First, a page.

3 Effect of Copper in Feeds 183 Birds and Diets A total of 840, 1-day-old, Arbor Acres commercial male chicks were used in the 21-day experiment. Broilers were randomly allotted by body weight to one of seven treatments for six replicate floor pens of 20 birds each. Broilers were housed on the mixed litter (2/3 used litter at the bottom plus 1/3 new litter on the top). Birds were maintained on a 24-h constant-light schedule. Feed and tap water were available ad libitum. The corn soybean meal basal diet (Table 1) was in mash form, and formulated to meet the requirements of starting chicks [13]. The Cu products were added to the basal diet according to the experimental treatments. Dietary actually analyzed Cu concentrations are shown in Table 2. The analyzed content of vitamin E in the premix was 64 IU/kg, and the content of supplemental vitamin E in feeds was 16 IU/kg. In addition, 30 kg of the basal diet were removed at the time of mixing and supplemented with phytase (BASF, Mount Olive, NJ) at 1,000 PU/kg. This mixture was then divided into three equal parts. One part was used as the control treatment, and the other two were supplemented with 200 mg/kg Cu as either TBCC or Cu sulfate in order to investigate the effect of Cu from two sources on phytase stability in feeds. Therefore, there were a total of three treatments in the phytase stability test. Sample Collections and Preparations Feed samples were taken from all the treatments of the animal feeding trial and submitted for Cu analysis prior to the initiation of the trial to confirm Cu contents in the diets. Ten Table 1 Composition of the Basal Diet for Broilers (As-fed Basis) Ingredient Composition (g/kg) Composition (g/kg) Amount Corn Metabolizable energy (MJ/kg) Soybean meal Crude protein b Fish meal 43.0 Lysine 12.7 Soybean oil 36.0 Methionine 5.9 Calcium hydrogen phosphate 12.5 Methionine + cystine 9.3 Limestone 10.5 Calcium b 10.0 Salt 3.0 Nonphytate phosphorus 5.2 Methionine 2.1 Copper b, mg/kg Vitamin-mineral premix a 3.1 Magnesium b 0.17 Manganese b (mg/kg) Iron b (mg/kg) Copper b (mg/kg) Zinc b (mg/kg) a Ingredients supplied per kilogram of diet: vitamin A (as all-trans retinol acetate), 14,400 IU; cholecalciferol, 4,896 IU; vitamin E (as all-rac-α-tocopherol acetate), 16 IU; vitamin K (as menadione sodium bisulfate), 2.3 mg; thiamin (as thiamin mononitrate), 1.2 mg; riboflavin, 9.8 mg; vitamin B 6, 2.3 mg; vitamin B 12, mg; pantothenic acid calcium, 11.5 mg; niacin, 37.4 mg; folic acid, 1.2 mg; biotin, mg; choline (as choline chloride), 700 mg; Cu(CuSO 4 5H 2 O), 8 mg; Zn (ZnSO 4 7H 2 O), 80 mg; Fe (FeSO 4 7H 2 O), 80 mg; Mn (MnSO 4 H 2 O ), 100 mg, I (KI), 0.35 mg; Se (Na 2 SeO 3 ), 0.2 mg; The vitamin-mineral premix did not contain an antioxidant b Determined by analysis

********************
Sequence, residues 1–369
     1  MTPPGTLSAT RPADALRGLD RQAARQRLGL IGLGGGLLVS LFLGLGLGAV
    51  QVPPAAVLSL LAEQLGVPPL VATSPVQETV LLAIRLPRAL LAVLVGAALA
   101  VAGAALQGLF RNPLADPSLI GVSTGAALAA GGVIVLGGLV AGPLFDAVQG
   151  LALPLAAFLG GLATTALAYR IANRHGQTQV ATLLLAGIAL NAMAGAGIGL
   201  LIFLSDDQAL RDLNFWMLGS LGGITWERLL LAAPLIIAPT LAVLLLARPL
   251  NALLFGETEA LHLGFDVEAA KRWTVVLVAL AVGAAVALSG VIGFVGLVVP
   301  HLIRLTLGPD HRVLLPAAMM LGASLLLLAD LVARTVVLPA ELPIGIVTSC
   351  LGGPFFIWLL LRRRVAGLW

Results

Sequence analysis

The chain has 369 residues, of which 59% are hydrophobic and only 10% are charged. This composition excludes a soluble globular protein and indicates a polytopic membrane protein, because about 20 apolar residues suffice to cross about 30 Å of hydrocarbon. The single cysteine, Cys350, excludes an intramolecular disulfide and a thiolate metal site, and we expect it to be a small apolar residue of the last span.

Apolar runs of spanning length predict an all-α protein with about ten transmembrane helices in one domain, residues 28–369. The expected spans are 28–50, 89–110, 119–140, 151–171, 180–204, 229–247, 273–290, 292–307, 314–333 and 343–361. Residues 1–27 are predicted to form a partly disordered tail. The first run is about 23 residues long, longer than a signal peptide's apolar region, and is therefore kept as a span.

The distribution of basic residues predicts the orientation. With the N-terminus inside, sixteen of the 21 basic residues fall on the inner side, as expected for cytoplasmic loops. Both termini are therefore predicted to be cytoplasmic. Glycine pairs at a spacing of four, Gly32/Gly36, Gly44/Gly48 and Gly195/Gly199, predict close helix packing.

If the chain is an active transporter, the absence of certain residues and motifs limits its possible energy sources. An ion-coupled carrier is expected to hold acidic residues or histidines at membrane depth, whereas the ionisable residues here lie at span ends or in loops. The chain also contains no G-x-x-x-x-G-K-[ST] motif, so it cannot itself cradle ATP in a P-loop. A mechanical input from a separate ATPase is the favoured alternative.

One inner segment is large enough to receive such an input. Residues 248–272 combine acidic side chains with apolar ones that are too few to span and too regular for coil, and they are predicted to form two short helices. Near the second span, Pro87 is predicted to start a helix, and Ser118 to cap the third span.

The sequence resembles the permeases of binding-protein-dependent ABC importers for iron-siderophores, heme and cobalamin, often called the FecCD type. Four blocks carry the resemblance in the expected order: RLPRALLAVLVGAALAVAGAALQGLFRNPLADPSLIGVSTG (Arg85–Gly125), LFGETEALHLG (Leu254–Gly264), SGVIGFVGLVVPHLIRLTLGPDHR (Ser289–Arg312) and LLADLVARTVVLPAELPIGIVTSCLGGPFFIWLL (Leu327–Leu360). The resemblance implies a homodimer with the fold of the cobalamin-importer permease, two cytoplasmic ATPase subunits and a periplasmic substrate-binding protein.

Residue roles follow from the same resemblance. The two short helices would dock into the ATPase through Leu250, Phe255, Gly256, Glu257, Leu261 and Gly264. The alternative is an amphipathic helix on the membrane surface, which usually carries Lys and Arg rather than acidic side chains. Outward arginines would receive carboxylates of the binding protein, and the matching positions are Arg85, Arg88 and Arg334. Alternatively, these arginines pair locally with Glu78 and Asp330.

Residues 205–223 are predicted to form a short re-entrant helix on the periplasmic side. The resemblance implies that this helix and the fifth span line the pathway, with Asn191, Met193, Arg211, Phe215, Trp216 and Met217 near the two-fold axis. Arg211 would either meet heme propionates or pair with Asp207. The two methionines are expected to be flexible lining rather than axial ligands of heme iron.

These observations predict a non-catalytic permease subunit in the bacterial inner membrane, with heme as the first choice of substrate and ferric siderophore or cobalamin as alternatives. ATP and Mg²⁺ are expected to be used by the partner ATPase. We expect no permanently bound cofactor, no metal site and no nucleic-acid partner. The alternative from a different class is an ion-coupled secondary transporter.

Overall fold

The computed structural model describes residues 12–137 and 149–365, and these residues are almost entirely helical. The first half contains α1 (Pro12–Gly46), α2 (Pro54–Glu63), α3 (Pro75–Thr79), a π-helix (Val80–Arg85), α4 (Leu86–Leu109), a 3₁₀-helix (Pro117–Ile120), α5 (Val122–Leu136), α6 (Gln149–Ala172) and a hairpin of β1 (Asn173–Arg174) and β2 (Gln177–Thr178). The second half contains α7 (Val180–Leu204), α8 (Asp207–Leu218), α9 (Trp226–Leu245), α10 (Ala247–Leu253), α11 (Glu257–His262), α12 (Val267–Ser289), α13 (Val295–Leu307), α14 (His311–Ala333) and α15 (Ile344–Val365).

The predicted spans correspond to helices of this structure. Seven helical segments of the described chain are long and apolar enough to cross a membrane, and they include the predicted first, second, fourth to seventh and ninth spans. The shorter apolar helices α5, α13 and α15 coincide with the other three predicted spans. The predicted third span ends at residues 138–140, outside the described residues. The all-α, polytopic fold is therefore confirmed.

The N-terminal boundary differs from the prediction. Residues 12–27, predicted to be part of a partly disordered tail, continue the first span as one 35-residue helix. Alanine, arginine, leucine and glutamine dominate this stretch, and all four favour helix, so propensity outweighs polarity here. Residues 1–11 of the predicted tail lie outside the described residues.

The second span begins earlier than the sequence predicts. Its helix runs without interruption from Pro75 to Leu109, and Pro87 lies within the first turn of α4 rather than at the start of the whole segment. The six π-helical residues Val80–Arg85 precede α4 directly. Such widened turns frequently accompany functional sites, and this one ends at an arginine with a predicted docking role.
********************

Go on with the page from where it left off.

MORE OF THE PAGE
4 184 Lu et al. Table 2 Added and Analyzed Copper Concentrations (mg/kg) of Diets for Broilers a Values based on chemical analysis of triplicate samples of diets, and reported on an as-fed basis Mn sources Add Cu Dietary Cu (day 1 to 21) a Control CuSO 4 5H 2 O TBCC replicate feed samples were taken from the diets of the treatments supplemented with 200 mg/kg Cu from two sources, respectively, for Cu analysis to compare the distribution of Cu in feed mixing between the two sources. In addition, ten replicate feed samples were taken from the control and the treatments with 200 mg/kg added Cu from two sources in the animal feeding trial for vitamin E analysis, and another ten replicate samples were also taken from the diet of the control treatment and the treatments with 200 mg/kg added Cu from two sources in the phytase stability test for phytase activity analysis. On days 10, 21, 31, and 41 of feed storage at room temperature (18±5 C), ten replicate feed samples were taken from the control treatment and the treatments with 200 mg/kg added Cu from two sources in the animal feeding trial, respectively, for vitamin E analysis, and ten replicate samples were taken from the diets of all three treatments in the phytase stability test, respectively, for phytase activity analysis. At the end of the animal feeding trial, chicks were weighed by each pen following a 12-h fast, and three chicks were chosen from every pen according to the pen average body weight. Blood samples were taken from each of the three birds via cardiac puncture, which were then centrifuged to harvest plasma samples for plasma vitamin E analysis. After the three chicks were killed by cervical dislocation, liver samples were collected for vitamin E and Cu analyses. All plasma and liver samples were stored at 50 C until analyses. Three samples of plasma or livers of the birds from each pen were pooled in equal ratios into one sample before analysis. Sample Analysis Copper concentrations in feeds, livers, and two sources were measured by inductively coupled plasma emission spectroscopy (IRIS Intrepid II, TE, Madison, WI, USA) according to a method described by Luo et al. [10]. Copper contents in feed samples supplemented with 200 mg/kg Cu from two sources were analyzed, and variation coefficients of analyzed values were calculated to compare the distribution of Cu in feed mixing between the two sources. Validations of the mineral analysis were conducted using bovine liver powder (National Institute of Standards and Technology, Beijing, China) as a standard reference. The contents of vitamin E in feed (ten replicate assays) and plasma (triplicate assays) were determined as described by Luo et al. [10]. Liver vitamin E (triplicate assays) was determined as described for plasma vitamin E by homogenizing 0.4 g of liver tissue in 3.6 ml (wt/vol) of cold saline (0.9%, wt/vol) and then extracting it with heptane. The activity of phytase in feeds was determined by the method of Engelen et al. [14].